Giving Teachers the Confidence and Strategies to Shift Online

Celebrating the leaders and experts that are powering education into the future, host JW Marshall sets out to ask the “right questions” in EdTech to understand the changes in policy and technology that will power our universities, tradeschools, and companies – and drive growth in upskilling certifications.

 

Most teachers had little experience with online teaching when the pandemic began. In just a few days, they were expected to translate the classroom to the internet. Voices of eLearning is always seeking to provide teachers tips and insights on how to transition successfully. Today, JW Marshall has an expert to share her knowledge, Courtney Ostaff. Ostaff literally wrote the book on the subject, as she’s the author of The Teaching Online Handbook.

The discussion began with an origin story and Ostaff’s first online teaching role. She was a grad student, not planning to become an educator when her program head received a grant to teach computers online. “My first experience was reading a book online, and I was terrible. But nobody knew anything about teaching online 20 years ago,” she said.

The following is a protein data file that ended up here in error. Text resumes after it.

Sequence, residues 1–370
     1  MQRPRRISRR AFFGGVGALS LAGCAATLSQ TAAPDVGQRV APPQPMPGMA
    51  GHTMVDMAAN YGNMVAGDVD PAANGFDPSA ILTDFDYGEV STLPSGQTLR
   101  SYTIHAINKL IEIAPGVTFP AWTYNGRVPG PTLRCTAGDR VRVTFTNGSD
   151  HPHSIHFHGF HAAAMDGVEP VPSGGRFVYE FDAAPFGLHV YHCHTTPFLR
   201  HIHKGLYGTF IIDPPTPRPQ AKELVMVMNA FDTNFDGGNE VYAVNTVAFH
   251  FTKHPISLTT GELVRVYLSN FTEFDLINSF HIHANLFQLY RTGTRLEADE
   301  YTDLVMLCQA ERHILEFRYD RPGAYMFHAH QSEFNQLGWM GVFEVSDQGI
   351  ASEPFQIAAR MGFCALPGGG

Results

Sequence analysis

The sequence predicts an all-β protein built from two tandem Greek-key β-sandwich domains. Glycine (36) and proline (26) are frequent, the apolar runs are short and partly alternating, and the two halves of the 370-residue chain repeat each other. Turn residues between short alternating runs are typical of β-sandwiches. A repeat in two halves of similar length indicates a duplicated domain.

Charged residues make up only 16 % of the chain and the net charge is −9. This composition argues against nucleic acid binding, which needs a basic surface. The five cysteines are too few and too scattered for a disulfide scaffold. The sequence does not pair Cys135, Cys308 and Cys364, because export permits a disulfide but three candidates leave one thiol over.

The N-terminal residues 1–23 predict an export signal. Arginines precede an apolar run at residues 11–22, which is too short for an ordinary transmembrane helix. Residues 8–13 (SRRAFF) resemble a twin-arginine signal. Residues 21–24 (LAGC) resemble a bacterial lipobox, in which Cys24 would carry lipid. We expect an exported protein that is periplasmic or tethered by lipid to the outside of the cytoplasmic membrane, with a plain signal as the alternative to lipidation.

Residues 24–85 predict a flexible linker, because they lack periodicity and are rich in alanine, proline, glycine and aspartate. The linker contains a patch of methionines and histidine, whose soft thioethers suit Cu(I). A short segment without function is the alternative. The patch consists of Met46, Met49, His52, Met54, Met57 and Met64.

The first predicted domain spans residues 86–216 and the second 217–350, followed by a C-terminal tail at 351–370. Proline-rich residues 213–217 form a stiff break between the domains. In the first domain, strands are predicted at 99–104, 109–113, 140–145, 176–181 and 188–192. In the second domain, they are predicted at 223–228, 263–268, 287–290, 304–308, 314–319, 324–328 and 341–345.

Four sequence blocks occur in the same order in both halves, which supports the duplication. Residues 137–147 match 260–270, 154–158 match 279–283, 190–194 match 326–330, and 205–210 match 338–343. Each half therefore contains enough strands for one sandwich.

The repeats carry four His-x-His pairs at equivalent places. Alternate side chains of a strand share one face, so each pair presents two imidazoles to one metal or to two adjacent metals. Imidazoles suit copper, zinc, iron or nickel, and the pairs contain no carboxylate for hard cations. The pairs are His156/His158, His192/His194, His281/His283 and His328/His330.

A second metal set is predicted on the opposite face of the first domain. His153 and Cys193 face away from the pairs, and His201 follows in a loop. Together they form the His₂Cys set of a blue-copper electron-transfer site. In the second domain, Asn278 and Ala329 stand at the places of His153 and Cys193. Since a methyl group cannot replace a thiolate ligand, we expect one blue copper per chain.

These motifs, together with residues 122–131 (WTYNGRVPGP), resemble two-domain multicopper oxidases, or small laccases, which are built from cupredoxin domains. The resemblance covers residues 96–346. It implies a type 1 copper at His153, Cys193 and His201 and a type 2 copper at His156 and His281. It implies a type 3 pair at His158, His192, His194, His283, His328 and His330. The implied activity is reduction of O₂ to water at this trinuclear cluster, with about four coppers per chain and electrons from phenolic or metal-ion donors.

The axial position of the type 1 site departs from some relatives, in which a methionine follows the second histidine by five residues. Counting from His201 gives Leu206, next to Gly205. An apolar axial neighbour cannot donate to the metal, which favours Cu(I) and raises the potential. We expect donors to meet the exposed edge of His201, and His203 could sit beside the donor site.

Her skillsets and expertise grew over the years, and when the pandemic hit, a friend told her she should “write a book,” and she did.

“Some thought they’d just turn the camera on and do what they did in the classroom, and it’s not effective,” Ostaff commented.

In discussing the book, Ostaff mentioned she structured it like she does her classes. She also said, “It’s not as much as what you do in that Zoom session as what happens offline.”

To make offline and online work, she uses content modules, which are digital folders, and there’s one for every week for every class for students.

When asked about the best use of live time, she responded, “Answer student questions and present new material in a way they can grasp it and do their assignments.”

The biggest challenge she and most teachers face is keeping student’s attention. “They can tune you out, and there’s not much you can do about it. I try to create an expectation that it’s going to be a positive experience and keep pinging them to keep their attention every few minutes,” she said.

Having a set structure to class is essential for Ostaff so that it becomes a habit. She also talked about relationships with parents and the importance of it. “Assume that parents will see your lessons. Learn to be respectful of family time, which is why I don’t have weekend homework, and trust them.”

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